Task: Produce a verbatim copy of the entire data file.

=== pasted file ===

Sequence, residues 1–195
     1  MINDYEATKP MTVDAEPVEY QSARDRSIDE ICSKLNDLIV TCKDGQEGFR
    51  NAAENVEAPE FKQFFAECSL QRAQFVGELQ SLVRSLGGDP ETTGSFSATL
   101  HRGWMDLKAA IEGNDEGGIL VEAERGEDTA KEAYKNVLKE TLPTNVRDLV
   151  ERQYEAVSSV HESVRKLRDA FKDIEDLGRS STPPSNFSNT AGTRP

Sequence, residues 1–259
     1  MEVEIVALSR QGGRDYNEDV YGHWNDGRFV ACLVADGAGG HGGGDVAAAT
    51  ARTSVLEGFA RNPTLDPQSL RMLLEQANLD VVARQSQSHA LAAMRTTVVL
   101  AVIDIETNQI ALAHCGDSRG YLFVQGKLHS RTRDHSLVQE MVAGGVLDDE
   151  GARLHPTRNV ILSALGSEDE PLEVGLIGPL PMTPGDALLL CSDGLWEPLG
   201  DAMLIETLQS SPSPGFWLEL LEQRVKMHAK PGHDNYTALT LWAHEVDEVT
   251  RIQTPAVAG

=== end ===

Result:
Sequence, residues 1–195
     1  MINDYEATKP MTVDAEPVEY QSARDRSIDE ICSKLNDLIV TCKDGQEGFR
    51  NAAENVEAPE FKQFFAECSL QRAQFVGELQ SLVRSLGGDP ETTGSFSATL
   101  HRGWMDLKAA IEGNDEGGIL VEAERGEDTA KEAYKNVLKE TLPTNVRDLV
   151  ERQYEAVSSV HESVRKLRDA FKDIEDLGRS STPPSNFSNT AGTRP

Sequence, residues 1–259
     1  MEVEIVALSR QGGRDYNEDV YGHWNDGRFV ACLVADGAGG HGGGDVAAAT
    51  ARTSVLEGFA RNPTLDPQSL RMLLEQANLD VVARQSQSHA LAAMRTTVVL
   101  AVIDIETNQI ALAHCGDSRG YLFVQGKLHS RTRDHSLVQE MVAGGVLDDE
   151  GARLHPTRNV ILSALGSEDE PLEVGLIGPL PMTPGDALLL CSDGLWEPLG
   201  DAMLIETLQS SPSPGFWLEL LEQRVKMHAK PGHDNYTALT LWAHEVDEVT
   251  RIQTPAVAG